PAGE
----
Breast Cancer Prevention Live Oak FL

For several years, there's been one sunny spot in the cloudy field of breast cancer prevention: exercise. Studies have shown that women who work out with some vigor and regularity reduce their risk of developing this scary disease, which kills 40,000 women a year.

Phyliss L. Murphy
(407) 382-0682
11500 University Blvd
Orlando, FL
Specialties
Oncology

Data Provided by:
Boon Chew, MD
(386) 254-4212
303 N Clyde Morris Blvd
Daytona Beach, FL
Business
Regional Oncology Center
Specialties
Oncology

Data Provided by:
Robert Jeffrey Green
(561) 366-4100
1309 N Flagler Dr
West Palm Beach, FL
Specialty
Internal Medicine, Hematology / Oncology

Data Provided by:
Nanialei Matsu Golden, MD
(321) 434-7179
1132 Hickory St
Melbourne, FL
Specialties
Oncology (Cancer), Radiation Oncology
Gender
Female
Education
Medical School: Finch U Of Hs/Chicago Med Sch, North Chicago Il 60664
Graduation Year: 1994
Hospital
Hospital: Holmes Reg Med Ctr, Melbourne, Fl; Palm Bay Comm Hosp, Palm Bay, Fl
Group Practice: FL Oncology

Data Provided by:
David E Jones
(727) 824-8206
601 7th St S
St Petersburg, FL
Specialty
Medical Oncology

Data Provided by:
Pablo Ferraro, MD
(954) 430-6868
801 N Flamingo Rd
Pembroke Pines, FL
Business
Memorial Cancer Institute
Specialties
Oncology

Data Provided by:
Michael J Dattoli, MD
(941) 957-4926
2803 Fruitville Rd
Sarasota, FL
Business
Dattoli Cancer Center
Specialties
Oncology

Data Provided by:
Maria C Mallarino
(941) 377-9993
600 N Cattlemen Rd
Sarasota, FL
Specialty
Internal Medicine, Medical Oncology

Data Provided by:
Mark Goodma, MR
1475 NW 12th Ave
Miami, FL
Specialties
Oncology (Cancer)
Gender
Male
Education
Graduation Year: 2007

Data Provided by:
Mitchell Levy
(954) 473-0553
201 Nw 82nd Ave
Plantation, FL
Specialty
General Surgery, Surgical Oncology

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A Gentler Way to Prevent Breast Cancer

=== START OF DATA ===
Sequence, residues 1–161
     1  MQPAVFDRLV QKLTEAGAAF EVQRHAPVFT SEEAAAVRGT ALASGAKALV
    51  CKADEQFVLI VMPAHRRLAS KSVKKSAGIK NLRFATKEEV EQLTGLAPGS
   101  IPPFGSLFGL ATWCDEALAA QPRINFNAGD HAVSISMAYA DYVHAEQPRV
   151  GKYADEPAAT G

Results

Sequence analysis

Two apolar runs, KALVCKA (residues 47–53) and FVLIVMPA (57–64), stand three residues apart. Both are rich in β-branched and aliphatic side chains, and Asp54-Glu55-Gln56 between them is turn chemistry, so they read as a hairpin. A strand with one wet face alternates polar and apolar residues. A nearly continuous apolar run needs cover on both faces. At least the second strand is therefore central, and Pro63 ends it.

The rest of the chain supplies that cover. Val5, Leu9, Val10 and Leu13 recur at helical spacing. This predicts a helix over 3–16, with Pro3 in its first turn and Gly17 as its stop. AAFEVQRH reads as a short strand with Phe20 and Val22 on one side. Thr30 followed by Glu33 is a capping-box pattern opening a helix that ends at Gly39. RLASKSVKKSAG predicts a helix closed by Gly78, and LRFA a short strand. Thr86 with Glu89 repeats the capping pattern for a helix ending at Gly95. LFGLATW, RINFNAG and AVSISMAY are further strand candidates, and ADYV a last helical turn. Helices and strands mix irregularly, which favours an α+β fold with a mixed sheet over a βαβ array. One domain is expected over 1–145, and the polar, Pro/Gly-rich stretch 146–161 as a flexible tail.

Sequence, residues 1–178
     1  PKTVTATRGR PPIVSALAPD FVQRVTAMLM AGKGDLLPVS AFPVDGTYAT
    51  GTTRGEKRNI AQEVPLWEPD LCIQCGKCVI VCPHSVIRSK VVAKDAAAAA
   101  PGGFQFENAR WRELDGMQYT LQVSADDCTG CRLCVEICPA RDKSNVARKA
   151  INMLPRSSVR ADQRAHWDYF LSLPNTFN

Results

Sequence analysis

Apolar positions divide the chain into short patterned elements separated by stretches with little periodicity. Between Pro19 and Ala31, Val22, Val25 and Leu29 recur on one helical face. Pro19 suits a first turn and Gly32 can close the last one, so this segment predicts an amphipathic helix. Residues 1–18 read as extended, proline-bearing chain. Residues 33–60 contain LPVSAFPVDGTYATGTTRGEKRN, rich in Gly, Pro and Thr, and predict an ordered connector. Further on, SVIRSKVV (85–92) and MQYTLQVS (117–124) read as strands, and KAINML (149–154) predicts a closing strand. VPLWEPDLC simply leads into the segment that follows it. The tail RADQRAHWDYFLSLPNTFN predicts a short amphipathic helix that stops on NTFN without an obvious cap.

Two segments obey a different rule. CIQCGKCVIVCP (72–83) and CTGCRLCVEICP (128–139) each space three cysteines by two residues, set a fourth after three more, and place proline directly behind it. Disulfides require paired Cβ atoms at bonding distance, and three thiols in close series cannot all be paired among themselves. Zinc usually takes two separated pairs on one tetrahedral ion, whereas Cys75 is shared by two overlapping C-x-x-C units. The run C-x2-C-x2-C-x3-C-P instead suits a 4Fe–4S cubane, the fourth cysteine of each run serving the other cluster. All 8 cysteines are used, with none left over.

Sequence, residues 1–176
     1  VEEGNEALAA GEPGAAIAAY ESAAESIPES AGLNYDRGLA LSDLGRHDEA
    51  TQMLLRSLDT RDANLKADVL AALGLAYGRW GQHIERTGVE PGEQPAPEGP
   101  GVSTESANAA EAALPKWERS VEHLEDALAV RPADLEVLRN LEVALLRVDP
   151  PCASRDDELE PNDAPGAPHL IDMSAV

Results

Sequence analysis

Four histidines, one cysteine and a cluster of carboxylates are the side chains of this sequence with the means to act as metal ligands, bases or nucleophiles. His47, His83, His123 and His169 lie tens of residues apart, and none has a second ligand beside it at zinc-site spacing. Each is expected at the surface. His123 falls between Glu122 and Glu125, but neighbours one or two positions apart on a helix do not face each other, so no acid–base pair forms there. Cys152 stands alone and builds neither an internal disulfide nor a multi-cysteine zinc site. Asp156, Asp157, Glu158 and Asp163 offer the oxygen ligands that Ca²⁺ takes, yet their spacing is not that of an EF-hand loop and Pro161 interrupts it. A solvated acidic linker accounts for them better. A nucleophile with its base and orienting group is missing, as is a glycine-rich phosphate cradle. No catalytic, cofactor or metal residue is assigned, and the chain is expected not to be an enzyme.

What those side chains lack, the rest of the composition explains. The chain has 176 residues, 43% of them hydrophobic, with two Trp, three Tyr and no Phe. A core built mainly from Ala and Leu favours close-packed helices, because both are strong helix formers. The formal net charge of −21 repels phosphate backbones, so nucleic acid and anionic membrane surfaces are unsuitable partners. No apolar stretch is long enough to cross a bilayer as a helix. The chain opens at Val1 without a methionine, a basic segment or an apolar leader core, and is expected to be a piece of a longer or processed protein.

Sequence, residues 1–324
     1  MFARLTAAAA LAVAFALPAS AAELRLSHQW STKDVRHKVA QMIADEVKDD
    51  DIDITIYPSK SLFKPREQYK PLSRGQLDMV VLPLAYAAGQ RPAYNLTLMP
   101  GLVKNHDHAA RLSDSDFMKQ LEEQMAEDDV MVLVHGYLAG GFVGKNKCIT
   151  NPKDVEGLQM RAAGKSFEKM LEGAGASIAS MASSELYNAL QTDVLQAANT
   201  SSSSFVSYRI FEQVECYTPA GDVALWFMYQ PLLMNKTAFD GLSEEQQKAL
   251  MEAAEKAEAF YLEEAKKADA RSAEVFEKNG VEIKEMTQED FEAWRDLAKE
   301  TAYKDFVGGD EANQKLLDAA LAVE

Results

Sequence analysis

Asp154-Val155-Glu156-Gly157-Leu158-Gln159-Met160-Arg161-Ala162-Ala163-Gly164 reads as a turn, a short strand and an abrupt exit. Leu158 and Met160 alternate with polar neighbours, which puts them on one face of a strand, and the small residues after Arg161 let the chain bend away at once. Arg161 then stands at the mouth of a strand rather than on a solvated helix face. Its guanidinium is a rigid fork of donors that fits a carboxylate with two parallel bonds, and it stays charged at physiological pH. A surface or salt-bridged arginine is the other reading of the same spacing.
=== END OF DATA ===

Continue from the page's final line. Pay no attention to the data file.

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For several years, there’s been one sunny spot in the cloudy field of breast cancer prevention: exercise. Studies have shown that women who work out with some vigor and regularity reduce their risk of developing this scary disease, which kills 40,000 women a year. A new study presents even brighter news. According to researchers at the Northern California Cancer Center in San Francisco, you can bask in similar benefits without exercising too hard or hitting the gym.

The researchers interviewed more than 2,500 women—some with and some without breast cancer—about their exercise habits from their teen years on. When they looked at all kinds of activity, the findings were consistent with other studies: Serious exercisers had less breast cancer than sedentary women.

But the surprise came when they tallied the women’s moderate activities, like brisk walking, ballroom dancing, bowling, housecleaning, and gardening. Women with an average of 17 hours or more of moderate activity per week had a 33 percent lower cancer rate than the least active women in their category. “That’s important because it suggests that women don’t need to run marathons to do something useful for their health,” says epidemiologist and study investigator Esther M. John.

Soon the researchers will use their data to tackle another lingering question: whether you can better reduce your breast cancer risk by being active during a particular time in your life.

Until then, there’s no time like the present to take steps to protect your breast health. And taking steps, across the dance floor or down the street, may be all you need.

—Genevieve Des Jarlais

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